Salute To Seniors: Ethan Bernstein (Saucon Valley)


Today we salute Ethan Bernstein of Saucon Valley.

Bernstein had a strong career in the distance events. He was a three-time state qualifier in cross country. As a junior, he won the District 11 AA title before placing 41st at states. A year later, he was second in District 11 AA, but then took 15th at states in Hershey, earning a state medal.

On the track, he won the District 11 title in the 3,200 meters, running a career best of 9:34.50 for the victory. He also took third in the district in the 1,600 meters in another PR of 4:26.38. Bernstein also holds a 2K steeplechase PR of 6:34.69. He answered some questions for PennTrackXC reflecting on his career below.

Throughout the end of June and through July we we be honoring our graduating seniors. To submit your own questionnaire to be posted on the front page of PennTrackXC, check out this page and email your responses to Dan Beck (daniel.beck@flosports.tv).


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What was your most memorable race/competition?

My most memorable race was the Ridge Twilight 3200 race my junior year of track. My goals for my junior season were to break 9:40 in the 3200 and qualify for states. While I was able to win my conference meet, I only took 3rd at districts, missing out on state qualification by 1 spot. Although I initially wanted to bag the season at that point, with the support of my family and coaches I decided to give 9:40 one more shot. So I signed up for a late race at Ridge HS, and solo'd a 9:39. This race taught me the very valuable lesson that true success is not marked by awards or even times, but by refusing to quit even when you're down. 


Where did you face your biggest competition?

My best competition was in the state 3200 final in track my senior year. In cross country my school is AA, so it definitely was a big shock racing against the best from AAA in track. It was great to run against such talented runners in my last ever high school race.


Out of all of your high school accomplishments, which stands out the most?

Winning the District 11 AAA title in the 3200 my senior track season definitely stands out the most to me. One of my major goals at the beginning of the season was to qualify for outdoor states for the first time. The week before Districts I had a bad conference 3200 race where I only ran 9:57, so I was super nervous and not too confident going into my biggest race of the season. I was dropped by the leaders early in the district race and going into the last lap I was in 3rd place, 50 meters behind them. But, I was able to throw together a good kick from 300 meters out and win, closing in 1:02 and setting a new PR of 9:34. It felt great to realize my season goal and to come from so far behind. It's a race I'll always remember for sure.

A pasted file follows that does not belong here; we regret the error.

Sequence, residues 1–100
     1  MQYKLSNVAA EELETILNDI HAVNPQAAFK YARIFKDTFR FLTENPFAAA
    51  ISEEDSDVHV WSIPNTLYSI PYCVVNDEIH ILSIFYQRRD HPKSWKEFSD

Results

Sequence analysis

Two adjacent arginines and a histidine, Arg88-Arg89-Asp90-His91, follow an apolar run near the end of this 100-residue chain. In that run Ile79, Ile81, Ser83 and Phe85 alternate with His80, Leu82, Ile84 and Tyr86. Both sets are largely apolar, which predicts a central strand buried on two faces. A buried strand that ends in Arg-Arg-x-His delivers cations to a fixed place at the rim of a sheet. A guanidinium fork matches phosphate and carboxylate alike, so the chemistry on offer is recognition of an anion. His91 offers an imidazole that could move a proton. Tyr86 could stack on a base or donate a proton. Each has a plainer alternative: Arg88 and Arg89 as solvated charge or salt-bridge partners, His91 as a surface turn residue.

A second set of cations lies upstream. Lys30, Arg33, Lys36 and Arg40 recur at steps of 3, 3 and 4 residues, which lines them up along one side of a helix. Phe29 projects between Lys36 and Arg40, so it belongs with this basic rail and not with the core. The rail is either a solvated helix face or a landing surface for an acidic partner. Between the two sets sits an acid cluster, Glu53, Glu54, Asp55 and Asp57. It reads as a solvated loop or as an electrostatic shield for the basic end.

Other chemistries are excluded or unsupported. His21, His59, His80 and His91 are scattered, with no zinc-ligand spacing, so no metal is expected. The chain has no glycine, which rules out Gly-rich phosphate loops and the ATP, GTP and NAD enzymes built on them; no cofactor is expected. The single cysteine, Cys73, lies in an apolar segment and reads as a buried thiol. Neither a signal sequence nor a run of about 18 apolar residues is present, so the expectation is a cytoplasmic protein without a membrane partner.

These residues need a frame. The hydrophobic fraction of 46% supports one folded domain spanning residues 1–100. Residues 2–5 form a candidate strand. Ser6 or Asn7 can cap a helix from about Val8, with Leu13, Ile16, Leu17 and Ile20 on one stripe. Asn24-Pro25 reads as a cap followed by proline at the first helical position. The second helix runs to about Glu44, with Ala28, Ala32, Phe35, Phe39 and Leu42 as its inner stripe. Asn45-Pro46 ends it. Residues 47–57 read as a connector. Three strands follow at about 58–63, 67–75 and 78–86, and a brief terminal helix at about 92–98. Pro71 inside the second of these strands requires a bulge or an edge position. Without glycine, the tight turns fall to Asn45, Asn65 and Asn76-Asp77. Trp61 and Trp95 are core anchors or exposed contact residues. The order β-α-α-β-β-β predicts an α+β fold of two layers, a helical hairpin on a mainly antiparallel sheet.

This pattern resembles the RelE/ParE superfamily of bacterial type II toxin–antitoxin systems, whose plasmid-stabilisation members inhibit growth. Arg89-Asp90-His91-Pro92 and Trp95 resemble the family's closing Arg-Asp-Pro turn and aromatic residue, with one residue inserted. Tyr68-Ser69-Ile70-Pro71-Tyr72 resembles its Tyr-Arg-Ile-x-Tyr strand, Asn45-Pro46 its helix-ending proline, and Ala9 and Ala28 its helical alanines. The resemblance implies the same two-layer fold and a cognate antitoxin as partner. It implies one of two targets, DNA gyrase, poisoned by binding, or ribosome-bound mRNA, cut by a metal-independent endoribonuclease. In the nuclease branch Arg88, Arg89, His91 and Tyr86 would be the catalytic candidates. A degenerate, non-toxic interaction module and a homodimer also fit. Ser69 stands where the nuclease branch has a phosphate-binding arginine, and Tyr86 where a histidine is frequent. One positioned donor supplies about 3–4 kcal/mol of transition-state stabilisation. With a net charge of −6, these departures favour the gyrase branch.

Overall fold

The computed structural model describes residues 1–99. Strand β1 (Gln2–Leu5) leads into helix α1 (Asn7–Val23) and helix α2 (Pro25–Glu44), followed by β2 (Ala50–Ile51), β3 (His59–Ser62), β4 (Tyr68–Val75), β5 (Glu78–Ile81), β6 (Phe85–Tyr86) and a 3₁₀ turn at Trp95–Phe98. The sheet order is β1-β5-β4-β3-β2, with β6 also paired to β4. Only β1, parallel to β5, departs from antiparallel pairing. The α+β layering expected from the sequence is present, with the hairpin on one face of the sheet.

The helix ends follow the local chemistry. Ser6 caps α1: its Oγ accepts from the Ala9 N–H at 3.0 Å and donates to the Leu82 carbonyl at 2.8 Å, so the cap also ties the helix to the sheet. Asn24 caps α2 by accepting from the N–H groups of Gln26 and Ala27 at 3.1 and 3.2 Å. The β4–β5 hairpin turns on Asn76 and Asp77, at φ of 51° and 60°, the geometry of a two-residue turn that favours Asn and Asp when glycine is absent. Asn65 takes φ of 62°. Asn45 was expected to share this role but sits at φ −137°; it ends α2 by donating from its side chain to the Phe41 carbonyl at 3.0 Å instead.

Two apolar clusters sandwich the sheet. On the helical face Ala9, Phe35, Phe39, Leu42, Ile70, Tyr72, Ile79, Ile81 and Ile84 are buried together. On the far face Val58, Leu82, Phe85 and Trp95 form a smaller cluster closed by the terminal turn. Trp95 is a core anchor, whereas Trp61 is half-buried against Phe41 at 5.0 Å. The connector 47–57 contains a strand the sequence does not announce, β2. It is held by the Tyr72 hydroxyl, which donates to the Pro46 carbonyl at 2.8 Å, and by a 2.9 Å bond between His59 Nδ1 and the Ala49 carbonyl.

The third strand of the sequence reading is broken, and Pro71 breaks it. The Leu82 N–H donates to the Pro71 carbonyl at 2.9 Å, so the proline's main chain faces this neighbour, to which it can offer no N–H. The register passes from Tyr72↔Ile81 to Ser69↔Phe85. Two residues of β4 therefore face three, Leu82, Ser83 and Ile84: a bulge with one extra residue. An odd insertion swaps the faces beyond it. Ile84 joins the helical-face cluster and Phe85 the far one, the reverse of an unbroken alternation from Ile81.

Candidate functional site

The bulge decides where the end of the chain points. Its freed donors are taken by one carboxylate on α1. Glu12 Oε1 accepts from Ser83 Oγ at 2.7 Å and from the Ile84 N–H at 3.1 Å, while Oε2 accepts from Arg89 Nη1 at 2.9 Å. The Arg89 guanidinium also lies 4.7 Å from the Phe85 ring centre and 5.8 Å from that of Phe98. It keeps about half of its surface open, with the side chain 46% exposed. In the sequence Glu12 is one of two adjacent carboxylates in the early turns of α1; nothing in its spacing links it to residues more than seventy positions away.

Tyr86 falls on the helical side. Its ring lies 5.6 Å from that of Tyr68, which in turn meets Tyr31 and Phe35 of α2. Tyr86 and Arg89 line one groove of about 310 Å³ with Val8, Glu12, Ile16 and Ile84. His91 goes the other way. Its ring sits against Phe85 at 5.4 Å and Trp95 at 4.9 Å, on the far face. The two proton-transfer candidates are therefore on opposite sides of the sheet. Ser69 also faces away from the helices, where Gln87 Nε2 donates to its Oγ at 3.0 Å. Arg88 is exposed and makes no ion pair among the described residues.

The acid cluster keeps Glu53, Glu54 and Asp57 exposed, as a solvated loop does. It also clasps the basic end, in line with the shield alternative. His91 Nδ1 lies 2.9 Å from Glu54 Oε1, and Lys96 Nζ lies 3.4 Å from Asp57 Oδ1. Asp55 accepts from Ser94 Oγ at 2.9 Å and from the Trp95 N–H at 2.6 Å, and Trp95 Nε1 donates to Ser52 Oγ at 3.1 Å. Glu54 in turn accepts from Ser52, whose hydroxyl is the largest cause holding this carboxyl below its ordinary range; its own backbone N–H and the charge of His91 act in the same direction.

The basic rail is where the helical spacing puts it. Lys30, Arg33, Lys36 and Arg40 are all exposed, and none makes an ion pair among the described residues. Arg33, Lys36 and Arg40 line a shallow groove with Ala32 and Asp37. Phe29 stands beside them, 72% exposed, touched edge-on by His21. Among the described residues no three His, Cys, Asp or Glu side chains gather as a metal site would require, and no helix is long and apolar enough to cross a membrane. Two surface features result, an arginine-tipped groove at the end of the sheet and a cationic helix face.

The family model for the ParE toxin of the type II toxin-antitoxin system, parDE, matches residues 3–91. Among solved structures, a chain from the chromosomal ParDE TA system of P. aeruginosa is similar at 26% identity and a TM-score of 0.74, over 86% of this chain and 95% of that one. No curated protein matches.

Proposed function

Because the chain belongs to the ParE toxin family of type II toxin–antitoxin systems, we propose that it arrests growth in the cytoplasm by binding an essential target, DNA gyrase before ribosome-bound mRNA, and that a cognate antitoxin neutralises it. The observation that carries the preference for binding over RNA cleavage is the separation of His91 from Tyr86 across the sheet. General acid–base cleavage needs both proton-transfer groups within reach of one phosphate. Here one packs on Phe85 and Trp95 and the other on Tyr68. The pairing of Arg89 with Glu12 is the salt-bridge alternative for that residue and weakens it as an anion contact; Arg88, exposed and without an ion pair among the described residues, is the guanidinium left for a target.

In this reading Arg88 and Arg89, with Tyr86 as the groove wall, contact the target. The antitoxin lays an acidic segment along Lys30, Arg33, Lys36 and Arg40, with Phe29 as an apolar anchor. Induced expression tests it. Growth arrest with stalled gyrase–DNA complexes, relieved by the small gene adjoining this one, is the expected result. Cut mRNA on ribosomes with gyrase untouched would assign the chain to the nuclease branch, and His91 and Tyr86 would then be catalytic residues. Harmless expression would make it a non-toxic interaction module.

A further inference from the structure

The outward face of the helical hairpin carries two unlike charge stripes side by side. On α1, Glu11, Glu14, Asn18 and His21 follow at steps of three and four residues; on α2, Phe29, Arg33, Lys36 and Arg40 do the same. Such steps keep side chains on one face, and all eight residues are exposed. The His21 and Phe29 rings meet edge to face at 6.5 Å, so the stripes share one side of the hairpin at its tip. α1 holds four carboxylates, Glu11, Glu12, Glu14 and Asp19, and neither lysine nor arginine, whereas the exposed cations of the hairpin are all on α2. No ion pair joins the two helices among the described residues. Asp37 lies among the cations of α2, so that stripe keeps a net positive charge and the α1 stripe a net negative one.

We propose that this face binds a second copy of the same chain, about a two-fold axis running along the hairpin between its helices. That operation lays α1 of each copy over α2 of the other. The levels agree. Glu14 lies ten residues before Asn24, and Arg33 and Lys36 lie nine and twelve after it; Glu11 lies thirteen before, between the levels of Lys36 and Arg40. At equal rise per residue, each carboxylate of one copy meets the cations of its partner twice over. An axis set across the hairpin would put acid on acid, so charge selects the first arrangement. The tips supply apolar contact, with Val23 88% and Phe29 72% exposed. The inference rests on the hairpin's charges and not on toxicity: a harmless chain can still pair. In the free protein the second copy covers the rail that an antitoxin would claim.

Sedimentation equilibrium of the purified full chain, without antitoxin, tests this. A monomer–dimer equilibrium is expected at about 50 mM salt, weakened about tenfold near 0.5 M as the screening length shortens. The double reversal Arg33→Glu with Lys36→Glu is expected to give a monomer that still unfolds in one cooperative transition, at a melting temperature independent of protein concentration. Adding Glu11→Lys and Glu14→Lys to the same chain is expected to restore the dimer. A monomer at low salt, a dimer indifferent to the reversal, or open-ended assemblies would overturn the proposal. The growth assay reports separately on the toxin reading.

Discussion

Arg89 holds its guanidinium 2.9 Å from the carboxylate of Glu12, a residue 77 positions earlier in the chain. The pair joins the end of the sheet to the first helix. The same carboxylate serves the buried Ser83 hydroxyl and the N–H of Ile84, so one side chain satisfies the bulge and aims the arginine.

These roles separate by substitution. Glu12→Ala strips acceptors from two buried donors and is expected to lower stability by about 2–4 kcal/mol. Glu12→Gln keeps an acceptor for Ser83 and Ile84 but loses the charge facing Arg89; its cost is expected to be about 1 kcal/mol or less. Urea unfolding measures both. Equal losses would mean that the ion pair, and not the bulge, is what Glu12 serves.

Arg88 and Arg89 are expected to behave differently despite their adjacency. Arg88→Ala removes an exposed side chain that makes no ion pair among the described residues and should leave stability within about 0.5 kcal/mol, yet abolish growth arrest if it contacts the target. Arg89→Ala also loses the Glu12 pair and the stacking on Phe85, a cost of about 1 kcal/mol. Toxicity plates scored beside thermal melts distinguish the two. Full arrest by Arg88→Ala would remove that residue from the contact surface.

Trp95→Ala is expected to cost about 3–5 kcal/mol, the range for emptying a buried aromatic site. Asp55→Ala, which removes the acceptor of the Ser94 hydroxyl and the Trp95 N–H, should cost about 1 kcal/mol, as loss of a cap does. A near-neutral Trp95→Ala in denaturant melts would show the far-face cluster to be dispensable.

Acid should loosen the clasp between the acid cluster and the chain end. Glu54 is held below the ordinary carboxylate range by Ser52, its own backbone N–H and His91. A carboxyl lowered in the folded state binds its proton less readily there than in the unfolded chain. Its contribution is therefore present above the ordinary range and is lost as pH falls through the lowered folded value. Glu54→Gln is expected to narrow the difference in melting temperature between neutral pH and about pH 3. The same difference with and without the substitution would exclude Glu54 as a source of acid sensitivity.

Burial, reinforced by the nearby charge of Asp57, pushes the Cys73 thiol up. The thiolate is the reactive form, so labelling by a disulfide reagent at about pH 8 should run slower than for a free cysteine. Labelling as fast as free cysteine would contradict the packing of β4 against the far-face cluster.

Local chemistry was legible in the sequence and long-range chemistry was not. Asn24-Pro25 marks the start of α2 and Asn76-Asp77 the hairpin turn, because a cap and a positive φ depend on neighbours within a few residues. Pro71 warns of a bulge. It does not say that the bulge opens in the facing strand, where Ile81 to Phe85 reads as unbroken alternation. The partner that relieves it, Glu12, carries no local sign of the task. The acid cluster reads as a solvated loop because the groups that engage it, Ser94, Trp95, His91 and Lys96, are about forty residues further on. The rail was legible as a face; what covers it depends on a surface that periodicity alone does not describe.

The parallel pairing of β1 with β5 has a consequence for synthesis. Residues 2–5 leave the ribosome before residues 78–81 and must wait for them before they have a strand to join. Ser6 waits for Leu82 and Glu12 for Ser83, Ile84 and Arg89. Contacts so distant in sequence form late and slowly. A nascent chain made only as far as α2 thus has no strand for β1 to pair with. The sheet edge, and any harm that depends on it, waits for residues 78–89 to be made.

If you could do it all over again, what would you change about your athletic career in high school?

There isn't a whole lot I would change since I haven't had any major injuries throughout the last 3 years, but if I could go back in time, I would've done 5-10 more miles each week in training. I bet with the extra mileage I could've improved all of my PRs, and to me I think that would've been worth the slight risk of injury.


What were the most difficult obstacles you had to overcome?

The most difficult obstacle I had to overcome was during my senior cross country season. Coming into my last season of cross, I was the defending conference and District 11 champion from my junior year. The first three-quarters of my season were awesome: I won the Lion Invitational, broke 16:00 for the first time at Paul Short, and broke 2 course records. When the postseason came around, I was super confident. I was the favorite to win both the conference and district, but I came up short in both: 3rd at conference and 2nd at Districts, not even breaking 17:00 in either race. It felt awful to have started the season off so well, but then to underperform in the races that really mattered. With the help of my family and my coaches, we were able to deduce that the reason for these races where I was not running like my usual self was due to low caloric intake. So, the week and a half before states I upped my daily calories by 600-800, and it did the trick. I felt incredible at states, and was able to come away with 15th place to get my first state medal. 


What will you miss the most?

My teammates for sure. I made many good friendships with my teammates throughout high school and will miss all of those guys a lot. I know the younger runners that are still on the team will do great things this season.


Do you have any advice for younger athletes?

If you put the work in, I can almost guarantee that you will have success and get the results you want. At the same time though, be smart with your training. Work hard and be dedicated, but be sure to include easy days. Over-training is worse than under-training. 

How have your coaches influenced your performances and your life goals overall?

I was fortunate enough to have extremely dedicated and knowledgable coaches throughout my 4 years of high school. If it wasn't for them, I would never have even ended up running in high school, as it was one of my coaches who recruited me off of the middle school soccer team. To Coach Kolosky and Coach Sheridan, thank you for all your support and mentorship; I would not be the runner I am today without you. 


What are your post-high school plans?

I will be attending Washington and Lee University and running XC and track there.


Any shoutouts?

Shoutout to the Colonial League distance boys (Thomas Matsumura, Jake Martinez, John Koons, and Colin Cramer) for being great friends and competitors these last 4 years; and my parents for supporting me through the good races and the bad.


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